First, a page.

And boy howdy, the name-dropping. He lives in Jackson, the state capital, so he’s familiar with pols, including Trent Lott; he mentioned being friends with Eudora Welty; and so on, a bunch (yes, he did meet Cleveland Amory once).

I also had some Mmm-hmm moments about things he drops in. He proposed to his second wife in the Old Senate Caucus room in front of a thousand people. He and his wife buy a stately old home built in 1940. Friends, when this book was written, that home would have been fifty-some years old. Gentle reader, Nogglestead is almost that old. Honormoor in Old Trees would have been forty years old when we lived there. The house in Old Trees was seventy years old when we lived there (although renovated and stripped of its stained glass before we moved in). So the house might have been nice and had Spanish moss draping from the magnolia trees, but it was not that old. Ah, well. I also flagged a couple of extraneous name drops, but most of the names didn’t actually mean anything to me.

So, I dunno, it’s okay as a book, and it’s competently written, but I am not really sure how much it needed to be written nor what it’s goals were.

But I’ve counted it as my True story about an animal entry for the reading challenge even though it’s more about the man than the animal.

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Book Report: Three Comedies by Aristophanes edited by William Arrowsmith (1969)

Book coverI started this book right after listening to Socrates because the audiobook mentioned that the idea of Socrates as a blasphemer probably comes more from the play The Clouds (in this volume) than his actual dialogues with Athenians. Also, it was at the top of the stack which is odd since I bought it three years ago and not recently.

At any rate, the plays are purportedly translated, but really they’re adapted for modern audiences circa 1969–this particular volume was someone’s (presumably) college textbook around the time I was born. The plays have some highlighting, mostly the aforementioned The Clouds, but no dialoguing with the text notes in the margins–that would come later, I guess, as it was quite the thing when I was in school. Or maybe the owner of this textbook thought about as much of it as I did.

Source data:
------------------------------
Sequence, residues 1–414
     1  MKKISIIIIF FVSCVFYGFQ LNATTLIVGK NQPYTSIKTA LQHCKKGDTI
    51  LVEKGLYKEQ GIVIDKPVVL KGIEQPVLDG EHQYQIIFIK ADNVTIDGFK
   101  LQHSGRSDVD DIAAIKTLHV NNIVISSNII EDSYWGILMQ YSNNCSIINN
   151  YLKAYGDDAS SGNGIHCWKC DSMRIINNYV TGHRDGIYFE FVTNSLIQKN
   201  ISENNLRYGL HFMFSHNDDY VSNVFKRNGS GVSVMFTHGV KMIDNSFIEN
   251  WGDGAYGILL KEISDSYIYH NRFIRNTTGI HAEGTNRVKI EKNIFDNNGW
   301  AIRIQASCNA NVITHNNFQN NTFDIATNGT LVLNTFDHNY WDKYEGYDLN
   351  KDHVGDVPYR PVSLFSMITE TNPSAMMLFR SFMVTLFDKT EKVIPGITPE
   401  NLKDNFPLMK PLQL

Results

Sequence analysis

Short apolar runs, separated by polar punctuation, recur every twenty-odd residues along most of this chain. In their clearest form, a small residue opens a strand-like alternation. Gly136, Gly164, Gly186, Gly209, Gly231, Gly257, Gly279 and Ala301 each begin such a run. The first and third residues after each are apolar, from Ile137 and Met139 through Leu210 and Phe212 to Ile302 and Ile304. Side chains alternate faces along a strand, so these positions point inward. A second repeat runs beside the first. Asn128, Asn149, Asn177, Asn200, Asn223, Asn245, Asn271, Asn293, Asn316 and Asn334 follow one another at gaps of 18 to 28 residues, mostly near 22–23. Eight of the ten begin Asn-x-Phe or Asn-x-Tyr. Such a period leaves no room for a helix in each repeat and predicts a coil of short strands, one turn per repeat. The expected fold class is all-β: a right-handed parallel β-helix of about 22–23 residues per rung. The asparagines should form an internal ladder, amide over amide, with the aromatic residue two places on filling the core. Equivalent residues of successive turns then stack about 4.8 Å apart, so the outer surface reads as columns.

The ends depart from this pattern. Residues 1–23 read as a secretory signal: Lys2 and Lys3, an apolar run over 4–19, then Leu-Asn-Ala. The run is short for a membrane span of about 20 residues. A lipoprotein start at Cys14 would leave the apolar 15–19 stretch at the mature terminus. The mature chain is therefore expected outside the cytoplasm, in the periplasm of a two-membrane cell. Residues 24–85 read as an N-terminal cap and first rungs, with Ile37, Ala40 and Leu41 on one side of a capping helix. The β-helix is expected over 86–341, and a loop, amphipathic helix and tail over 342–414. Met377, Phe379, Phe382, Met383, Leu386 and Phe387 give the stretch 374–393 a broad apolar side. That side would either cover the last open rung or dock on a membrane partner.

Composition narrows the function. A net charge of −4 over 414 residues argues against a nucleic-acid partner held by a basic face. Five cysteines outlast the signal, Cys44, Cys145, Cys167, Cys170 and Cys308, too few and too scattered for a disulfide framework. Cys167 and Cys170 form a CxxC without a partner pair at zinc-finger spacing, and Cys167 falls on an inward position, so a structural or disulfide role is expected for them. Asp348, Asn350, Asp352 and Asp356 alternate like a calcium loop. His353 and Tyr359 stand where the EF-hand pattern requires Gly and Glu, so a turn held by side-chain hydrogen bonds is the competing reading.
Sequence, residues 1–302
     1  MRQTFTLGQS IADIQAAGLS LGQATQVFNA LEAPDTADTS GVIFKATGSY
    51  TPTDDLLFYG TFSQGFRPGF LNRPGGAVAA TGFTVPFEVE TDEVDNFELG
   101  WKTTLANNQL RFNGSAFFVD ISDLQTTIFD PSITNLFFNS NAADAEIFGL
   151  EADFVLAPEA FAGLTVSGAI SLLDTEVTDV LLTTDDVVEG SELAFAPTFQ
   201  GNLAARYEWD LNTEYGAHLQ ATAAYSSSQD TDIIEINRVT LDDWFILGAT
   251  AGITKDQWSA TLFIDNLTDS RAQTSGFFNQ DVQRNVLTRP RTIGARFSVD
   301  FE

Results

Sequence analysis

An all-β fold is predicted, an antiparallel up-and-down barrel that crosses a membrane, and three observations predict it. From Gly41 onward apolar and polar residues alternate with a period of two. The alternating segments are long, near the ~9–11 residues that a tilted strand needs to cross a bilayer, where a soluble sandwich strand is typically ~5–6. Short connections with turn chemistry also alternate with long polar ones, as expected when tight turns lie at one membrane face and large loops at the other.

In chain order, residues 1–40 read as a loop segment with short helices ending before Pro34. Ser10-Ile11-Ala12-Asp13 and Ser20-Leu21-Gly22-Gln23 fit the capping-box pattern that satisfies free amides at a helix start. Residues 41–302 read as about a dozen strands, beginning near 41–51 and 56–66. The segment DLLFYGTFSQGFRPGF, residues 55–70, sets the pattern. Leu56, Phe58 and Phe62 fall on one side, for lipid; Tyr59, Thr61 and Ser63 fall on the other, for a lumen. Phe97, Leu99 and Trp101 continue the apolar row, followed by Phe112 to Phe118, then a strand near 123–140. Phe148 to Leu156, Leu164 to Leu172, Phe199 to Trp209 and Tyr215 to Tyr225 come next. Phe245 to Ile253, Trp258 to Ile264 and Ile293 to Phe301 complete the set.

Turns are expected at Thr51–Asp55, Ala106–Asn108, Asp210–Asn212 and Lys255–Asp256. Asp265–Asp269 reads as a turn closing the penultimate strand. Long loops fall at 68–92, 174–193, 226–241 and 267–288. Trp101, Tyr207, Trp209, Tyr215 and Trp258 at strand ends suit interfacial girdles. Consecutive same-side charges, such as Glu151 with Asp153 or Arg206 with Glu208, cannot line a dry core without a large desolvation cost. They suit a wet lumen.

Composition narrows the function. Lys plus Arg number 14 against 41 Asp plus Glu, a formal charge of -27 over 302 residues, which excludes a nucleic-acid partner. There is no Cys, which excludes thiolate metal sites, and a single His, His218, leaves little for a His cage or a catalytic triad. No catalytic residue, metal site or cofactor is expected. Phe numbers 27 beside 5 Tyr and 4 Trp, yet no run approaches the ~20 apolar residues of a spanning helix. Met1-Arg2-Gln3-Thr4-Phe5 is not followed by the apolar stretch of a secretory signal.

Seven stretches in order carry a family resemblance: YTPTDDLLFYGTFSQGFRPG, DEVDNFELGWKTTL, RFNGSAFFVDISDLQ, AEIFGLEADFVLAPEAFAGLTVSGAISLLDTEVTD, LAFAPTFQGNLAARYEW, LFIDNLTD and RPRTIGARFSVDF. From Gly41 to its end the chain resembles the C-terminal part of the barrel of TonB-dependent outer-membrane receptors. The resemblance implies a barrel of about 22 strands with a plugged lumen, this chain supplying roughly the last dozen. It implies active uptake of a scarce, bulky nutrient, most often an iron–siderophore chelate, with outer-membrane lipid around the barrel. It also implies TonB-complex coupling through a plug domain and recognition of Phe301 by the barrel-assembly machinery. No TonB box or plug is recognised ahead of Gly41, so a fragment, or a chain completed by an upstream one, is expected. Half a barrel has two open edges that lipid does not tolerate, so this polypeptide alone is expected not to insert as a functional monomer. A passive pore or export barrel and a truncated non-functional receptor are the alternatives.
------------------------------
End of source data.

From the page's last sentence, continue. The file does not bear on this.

As a product of that black age, has illustrations in it that would get a gentleman’s D in elementary school art classes.

I mean, can you imagine living in a time where someone, probably someone well paid in the publishing industry, thought that that would add to the reading experience? How little they thought of the hippies on the college campuses.

As I mentioned, these plays are adapted, not translated. That means that some liberties have been taken with the original text to make them more palatable for 20th century students. For example, a communication from Olympus is given as a telegram; the plays contain some Biblical allusions; and the poems have end rhymes. Although Aristophanes might have done the last of these in the original Greek, it’s likely he did not include the first two unless he was some kind of prophet indeed. With that in mind, it makes it hard to analyze just how many fart and gay sex jokes were in the original to compare it to, say, Hot Tub Time Machine 2 to see if humor in the classics of antiquity was truly as crude as modern works.

At any rate, about the plays:

  • The Birds is about two guys who a la Kipling’s “The Man Who Would Be King” try to convince the birds that they, the birds, are the real gods and that they, the birds, should set up their own kingdom and have men sacrifice to them instead of the gods. They, the men, hope to be important figures in this new kingdom called Cloudcuckooland (whether that’s the name in the original is unclear). As the birds go along, a whole set of men in grifting occupations (politicians, philosophers, artists) comes along to wet their beaks, so to speak.